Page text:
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CPS publishes interim fundamental principles on victims accessing pre-trial therapy

|News, Sexual offences

Victims should prioritise their well-being and not hesitate in receiving therapy for any reason connected with a police investigation or prosecution, the CPS has said.

Ahead of full updated guidance being published later this year, the fundamental principles on pre-trial therapy has been released to help knock down the common misconception that accessing counselling can damage a prosecution case.

Charlotte Caulton-Scott, Head of RASSO for CPS East Midlands said: “It is vital that victims know they can access therapy at any time and that doing so is entirely their decision - their wellbeing is paramount.

“This is a sensitive issue to navigate and one we don’t take lightly. These principles set out the clear steps prosecutors, investigators and therapists need to take to balance supporting victims, protecting their right to privacy, and ensuring the defendants’ right to a fair trial.”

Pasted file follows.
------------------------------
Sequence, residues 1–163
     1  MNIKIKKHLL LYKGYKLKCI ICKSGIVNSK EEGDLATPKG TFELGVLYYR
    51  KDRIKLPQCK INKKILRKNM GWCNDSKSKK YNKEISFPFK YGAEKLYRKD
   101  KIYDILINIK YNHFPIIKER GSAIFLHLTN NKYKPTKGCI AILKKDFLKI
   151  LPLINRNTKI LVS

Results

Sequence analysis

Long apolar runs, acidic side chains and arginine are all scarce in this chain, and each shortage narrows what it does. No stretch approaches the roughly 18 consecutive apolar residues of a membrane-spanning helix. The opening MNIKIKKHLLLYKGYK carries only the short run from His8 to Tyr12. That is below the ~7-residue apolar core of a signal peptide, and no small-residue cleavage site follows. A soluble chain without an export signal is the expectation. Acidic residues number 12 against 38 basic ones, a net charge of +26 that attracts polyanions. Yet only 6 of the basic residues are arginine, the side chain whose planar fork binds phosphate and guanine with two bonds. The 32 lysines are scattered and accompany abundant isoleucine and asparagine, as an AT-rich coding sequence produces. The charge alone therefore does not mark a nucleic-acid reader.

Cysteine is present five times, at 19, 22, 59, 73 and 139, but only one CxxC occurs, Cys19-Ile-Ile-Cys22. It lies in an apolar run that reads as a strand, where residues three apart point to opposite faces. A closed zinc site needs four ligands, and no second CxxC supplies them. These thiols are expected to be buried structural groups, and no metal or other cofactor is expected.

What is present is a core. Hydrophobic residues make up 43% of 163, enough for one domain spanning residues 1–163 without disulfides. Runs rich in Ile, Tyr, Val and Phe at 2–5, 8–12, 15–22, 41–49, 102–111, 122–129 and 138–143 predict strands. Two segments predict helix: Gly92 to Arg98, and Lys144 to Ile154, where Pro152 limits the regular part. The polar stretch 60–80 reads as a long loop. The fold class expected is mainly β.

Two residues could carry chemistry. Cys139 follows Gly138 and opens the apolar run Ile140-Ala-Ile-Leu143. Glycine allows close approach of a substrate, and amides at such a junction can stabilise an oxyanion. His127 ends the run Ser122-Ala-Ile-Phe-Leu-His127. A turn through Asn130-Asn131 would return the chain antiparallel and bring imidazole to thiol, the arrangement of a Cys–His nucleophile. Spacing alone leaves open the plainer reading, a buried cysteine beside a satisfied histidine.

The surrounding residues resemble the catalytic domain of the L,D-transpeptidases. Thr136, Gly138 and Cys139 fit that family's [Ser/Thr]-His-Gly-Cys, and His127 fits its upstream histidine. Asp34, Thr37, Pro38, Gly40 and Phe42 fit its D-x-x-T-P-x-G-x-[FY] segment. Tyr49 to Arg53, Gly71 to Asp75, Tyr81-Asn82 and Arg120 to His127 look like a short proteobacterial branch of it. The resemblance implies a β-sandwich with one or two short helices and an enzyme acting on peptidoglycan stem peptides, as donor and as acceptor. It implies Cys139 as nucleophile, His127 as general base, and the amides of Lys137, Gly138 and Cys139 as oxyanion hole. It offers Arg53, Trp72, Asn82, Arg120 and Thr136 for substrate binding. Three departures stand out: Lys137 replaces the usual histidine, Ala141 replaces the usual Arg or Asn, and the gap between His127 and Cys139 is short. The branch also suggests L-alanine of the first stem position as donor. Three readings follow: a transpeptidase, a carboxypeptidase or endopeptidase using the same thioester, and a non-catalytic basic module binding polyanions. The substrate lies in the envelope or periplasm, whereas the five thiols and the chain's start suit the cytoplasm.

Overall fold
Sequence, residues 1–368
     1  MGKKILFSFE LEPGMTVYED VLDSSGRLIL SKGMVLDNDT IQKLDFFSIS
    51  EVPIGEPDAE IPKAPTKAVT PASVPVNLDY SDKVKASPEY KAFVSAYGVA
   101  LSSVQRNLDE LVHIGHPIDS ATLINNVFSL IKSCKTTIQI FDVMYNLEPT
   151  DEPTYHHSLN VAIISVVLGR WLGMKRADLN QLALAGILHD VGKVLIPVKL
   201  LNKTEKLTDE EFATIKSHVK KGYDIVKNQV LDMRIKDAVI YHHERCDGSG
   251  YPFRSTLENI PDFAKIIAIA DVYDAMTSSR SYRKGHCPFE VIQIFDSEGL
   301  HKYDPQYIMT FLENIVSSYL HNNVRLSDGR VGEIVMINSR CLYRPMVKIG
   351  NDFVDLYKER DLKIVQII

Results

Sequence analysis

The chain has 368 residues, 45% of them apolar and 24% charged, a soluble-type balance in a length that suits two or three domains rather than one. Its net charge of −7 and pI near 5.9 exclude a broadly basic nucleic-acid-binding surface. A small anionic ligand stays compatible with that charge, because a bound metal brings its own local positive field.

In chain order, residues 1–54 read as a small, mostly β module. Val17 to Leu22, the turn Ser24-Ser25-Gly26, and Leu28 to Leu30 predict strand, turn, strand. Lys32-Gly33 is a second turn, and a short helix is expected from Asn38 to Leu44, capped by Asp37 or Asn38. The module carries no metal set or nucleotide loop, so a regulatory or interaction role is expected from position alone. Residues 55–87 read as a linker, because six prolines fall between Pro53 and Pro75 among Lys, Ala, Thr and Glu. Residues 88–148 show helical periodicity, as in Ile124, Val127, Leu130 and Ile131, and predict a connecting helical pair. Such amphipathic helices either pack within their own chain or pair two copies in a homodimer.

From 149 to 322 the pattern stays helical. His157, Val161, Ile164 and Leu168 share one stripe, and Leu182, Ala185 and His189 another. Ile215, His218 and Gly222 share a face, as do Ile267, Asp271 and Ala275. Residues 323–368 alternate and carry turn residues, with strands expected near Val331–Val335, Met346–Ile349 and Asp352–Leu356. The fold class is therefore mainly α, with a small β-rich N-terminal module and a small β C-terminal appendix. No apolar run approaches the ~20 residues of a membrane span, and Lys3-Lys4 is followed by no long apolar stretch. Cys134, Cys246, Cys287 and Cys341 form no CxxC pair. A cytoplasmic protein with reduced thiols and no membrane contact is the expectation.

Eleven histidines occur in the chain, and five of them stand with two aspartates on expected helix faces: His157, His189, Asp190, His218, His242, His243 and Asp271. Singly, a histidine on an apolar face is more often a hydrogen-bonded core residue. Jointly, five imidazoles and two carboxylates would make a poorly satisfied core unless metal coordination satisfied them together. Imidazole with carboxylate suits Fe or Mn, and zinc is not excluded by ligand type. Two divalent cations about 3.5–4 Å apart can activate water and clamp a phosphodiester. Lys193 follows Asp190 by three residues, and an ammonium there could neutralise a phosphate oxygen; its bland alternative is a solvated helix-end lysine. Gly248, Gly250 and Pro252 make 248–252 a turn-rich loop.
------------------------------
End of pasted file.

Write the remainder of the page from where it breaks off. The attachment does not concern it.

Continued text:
The fundamental principles can be found in our prosecution guidance, entitled ‘Pre-Trial Therapy: Fundamental Principles’.

Notes to editors

  • Charlotte Caulton-Scott is a Senior District Crown Prosecutor and Head of RASSO for CPS East Midlands 
  • The  updated guidance is part of the CPS’s five-year RASSO 2025 strategy to reverse the decline in rape prosecutions and drive up the number of cases reaching court, and will be published in the Spring following the completion of the Attorney General Office’s review of disclosure guidelines.

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